We were very lucky to chat with Colin Stacy the founder of the fantastic Tees-en-scène, a wonderful t-shirt company that celebrates women in film, queer filmmakers and people of colour working in the industry. Their designs are really stylish, and more importantly, they’re helping to promote the work of filmmakers who have been ignored in the past. We would like to say thank you to Colin for his time and make sure to support Tees-en-scène.
ITOL: Can you introduce yourself to our readers?
Hello! My name is Colin Stacy. I’m a Sagittarius sun, with Capricorn moon and Scorpio rising. I live in Austin with my brilliant wife Heather and three (yes, three!) wild boys, Everett, Walter and Quinn. I work full-time in the medical waste industry, driving all over Texas to pick up needles and other fun things. Right now I’m in more of a book-reading than a film-watching phase. There’s just not enough time! I fall asleep so easily. Lowkey my favourite thing to do these days is laugh at Gru and his minions with my family on Friday movie nights.
ITOL: How did you come up with the idea of Tees-en-scène?
Two Decembers ago I met Steven Soderbergh at a test screening of Logan Lucky in Plano, TX. He was exhausted so we didn’t talk long (but he was very generous with his time and conversation!). It was funny because of the few hundred people in the theatre and at the test screening, no one recognized him. So he was just chilling out at the bar when I approached him.
Anyway, I was struck by his shirt: a plain black tee with “A Film by Mike Nichols” printed front and centre. I took to Facebook that night to share the experience and suggested in the comments I should make a shirt to honour the true comedic genius, Elaine May. My mutual film friends loved the idea so I launched a Kickstarter. My friend Joel and I designed the shirt around the “written and directed by..” title card from Mikey and Nicky.
The concept was simple: to honour and elevate the labour and art of a female filmmaker who’d been overshadowed, marginalized and essentially shunned by the industry and its male powers-that-be. The Kickstarter was successful so the shirts were made. I’d originally intended to do a single run but requests for more were overwhelming; I started an online store.
For me this is not about clout or about elevating my personal brand or career or to have people say “that Colin, what a good guy.” When I started the company I made it explicit that profits that didn’t go back into shirt production would be given to women artists and filmmakers, specifically BIPOC and queer people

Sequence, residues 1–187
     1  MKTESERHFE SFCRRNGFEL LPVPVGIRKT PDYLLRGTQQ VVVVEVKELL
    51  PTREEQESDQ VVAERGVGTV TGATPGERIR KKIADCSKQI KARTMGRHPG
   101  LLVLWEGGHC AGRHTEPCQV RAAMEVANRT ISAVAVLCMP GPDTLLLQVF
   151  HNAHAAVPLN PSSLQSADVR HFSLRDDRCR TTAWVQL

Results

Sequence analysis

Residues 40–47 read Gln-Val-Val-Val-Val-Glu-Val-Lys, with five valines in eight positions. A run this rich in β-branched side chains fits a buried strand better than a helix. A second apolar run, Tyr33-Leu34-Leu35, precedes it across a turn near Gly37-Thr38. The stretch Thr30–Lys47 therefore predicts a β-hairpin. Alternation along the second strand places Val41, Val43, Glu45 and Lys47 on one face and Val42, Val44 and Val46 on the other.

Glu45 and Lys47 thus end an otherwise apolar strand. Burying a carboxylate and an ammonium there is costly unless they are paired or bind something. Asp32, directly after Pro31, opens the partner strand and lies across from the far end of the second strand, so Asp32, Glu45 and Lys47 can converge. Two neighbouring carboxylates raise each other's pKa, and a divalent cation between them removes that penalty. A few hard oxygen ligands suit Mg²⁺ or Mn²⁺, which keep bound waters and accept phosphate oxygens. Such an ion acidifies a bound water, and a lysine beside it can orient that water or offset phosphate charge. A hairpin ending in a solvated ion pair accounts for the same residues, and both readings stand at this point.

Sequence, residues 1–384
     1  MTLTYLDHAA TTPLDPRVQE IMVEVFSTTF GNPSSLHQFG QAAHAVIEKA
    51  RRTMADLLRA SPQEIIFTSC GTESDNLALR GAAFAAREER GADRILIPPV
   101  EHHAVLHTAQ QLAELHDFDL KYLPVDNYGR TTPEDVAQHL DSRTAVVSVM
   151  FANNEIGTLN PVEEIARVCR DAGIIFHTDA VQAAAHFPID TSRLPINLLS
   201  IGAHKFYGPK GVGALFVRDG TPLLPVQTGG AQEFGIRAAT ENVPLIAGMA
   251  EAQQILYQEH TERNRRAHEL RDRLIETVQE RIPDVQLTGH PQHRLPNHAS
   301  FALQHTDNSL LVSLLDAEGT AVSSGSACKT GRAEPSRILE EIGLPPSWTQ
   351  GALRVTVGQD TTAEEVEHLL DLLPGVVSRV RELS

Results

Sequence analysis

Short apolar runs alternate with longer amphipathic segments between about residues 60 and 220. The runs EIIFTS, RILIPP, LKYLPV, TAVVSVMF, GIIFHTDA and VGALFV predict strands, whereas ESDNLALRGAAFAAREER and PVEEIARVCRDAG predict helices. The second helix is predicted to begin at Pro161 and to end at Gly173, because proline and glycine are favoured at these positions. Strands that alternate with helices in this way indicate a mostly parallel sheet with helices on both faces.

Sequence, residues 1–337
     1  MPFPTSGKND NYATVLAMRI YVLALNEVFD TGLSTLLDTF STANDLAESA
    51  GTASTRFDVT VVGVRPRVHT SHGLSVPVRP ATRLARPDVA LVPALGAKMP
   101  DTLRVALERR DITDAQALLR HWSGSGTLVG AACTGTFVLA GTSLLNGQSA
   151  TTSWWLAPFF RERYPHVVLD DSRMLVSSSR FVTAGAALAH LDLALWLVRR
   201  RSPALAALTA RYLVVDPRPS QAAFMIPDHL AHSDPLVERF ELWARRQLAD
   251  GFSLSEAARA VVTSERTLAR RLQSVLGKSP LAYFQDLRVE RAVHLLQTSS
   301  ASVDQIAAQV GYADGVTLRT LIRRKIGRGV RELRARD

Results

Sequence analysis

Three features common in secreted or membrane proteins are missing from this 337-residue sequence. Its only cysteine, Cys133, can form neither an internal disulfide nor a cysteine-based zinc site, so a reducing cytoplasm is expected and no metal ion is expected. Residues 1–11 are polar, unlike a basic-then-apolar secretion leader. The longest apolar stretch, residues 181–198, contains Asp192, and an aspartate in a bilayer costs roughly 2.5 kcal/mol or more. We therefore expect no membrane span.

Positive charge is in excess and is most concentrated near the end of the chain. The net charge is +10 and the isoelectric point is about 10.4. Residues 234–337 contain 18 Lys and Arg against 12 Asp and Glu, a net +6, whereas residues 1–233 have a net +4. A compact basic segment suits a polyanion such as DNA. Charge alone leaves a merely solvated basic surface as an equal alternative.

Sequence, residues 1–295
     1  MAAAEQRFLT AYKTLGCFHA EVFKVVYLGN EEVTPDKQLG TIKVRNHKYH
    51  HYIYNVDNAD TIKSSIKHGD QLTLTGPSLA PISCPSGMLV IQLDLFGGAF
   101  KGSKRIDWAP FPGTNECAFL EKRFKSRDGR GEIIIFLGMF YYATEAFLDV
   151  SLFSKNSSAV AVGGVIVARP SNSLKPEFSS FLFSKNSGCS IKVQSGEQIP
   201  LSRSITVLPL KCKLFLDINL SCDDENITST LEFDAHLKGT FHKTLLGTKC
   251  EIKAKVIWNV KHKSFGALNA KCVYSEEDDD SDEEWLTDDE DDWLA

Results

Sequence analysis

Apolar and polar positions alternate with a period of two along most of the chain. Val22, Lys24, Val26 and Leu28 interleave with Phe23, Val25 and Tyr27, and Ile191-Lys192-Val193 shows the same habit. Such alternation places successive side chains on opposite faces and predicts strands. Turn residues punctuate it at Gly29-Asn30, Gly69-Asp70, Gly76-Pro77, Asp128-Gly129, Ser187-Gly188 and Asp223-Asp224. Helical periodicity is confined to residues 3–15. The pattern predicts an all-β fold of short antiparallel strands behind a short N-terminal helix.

This all coincided with my personal journey to watch more films produced, written, and directed by women filmmakers. I felt that I could use the platform created by the May tee to do more. I’d donated a portion of the Kickstarter funds to the Canadian feminist film journal, cléo. Reading their work over the last few years put me on the path of a more intentional film-going. That journal (RIP) and its writers were a major influence on how I saw the political action of watching films and what I choose to elevate, especially as a white cishet male. Shortly after launching the Elaine May tee, Janus Films announced a restoration of Barbara Loden’s Wanda, which I’d watched a few months before.
Loden’s story compelled me so that I had to make a shirt to celebrate her life and work. Thinking of a wider inventory and broader vision, I needed a brand to separate myself from the work so tees-en-scène was born. Since releasing the Loden shirt in July of 2018 we’ve released designs celebrating Kathleen Collins, Amy Heckerling, Debra Hill, Sandi Tan, Claire Denis, Lucrecia Martel, The Wachowski Sisters, Thelma Schoonmaker, and Cheryl Dunye.
For me, this is not about clout or about elevating my personal brand or career or to have people say “that Colin, what a good guy.” When I started the company I made it explicit that profits that didn’t go back into shirt production would be given to women artists and filmmakers, specifically BIPOC and queer people. Ultimately it’s a project of allyship. End of the day, I’m just making shirts that will wear and tear and rot away, but while they’re wearable I can use them to create a stream of money and a brand that can be used to elevate marginalized artists and to give funds to those who have historically been denied them.
With each shirt, I also commission a woman or non-binary critic to write a piece to honour the filmmaker and their projects. I do everything I can to stay behind the curtain and elevate the filmmakers and critics. For me it’s all just a celebration of the true power and beauty of creation.
ITOL: What challenges have you faced and how did you overcome them?
The two main challenges have been 1) funds and 2) branding. Funds are challenging because, well, this is a start-up and there’s not much money to be made in the shirt game, especially if you’re extremely niche like us. But that’s the challenge for any start-up and money is money and it’s not interesting to talk about. Branding, though, has been the biggest obstacle. Mainly because I want to do everything I can to stay out of the centre, which is why social media is so helpful. I can actively make the choice to not have this be about the work Colin is doing, but about the work and projects of who tees-en-scène was created to celebrate.
Ultimately, branding is hard because it can come off in our capitalistic hell as cynical, because, honestly, branding is often and ultimately an act of leaning into political cynicism. An act of exploitation.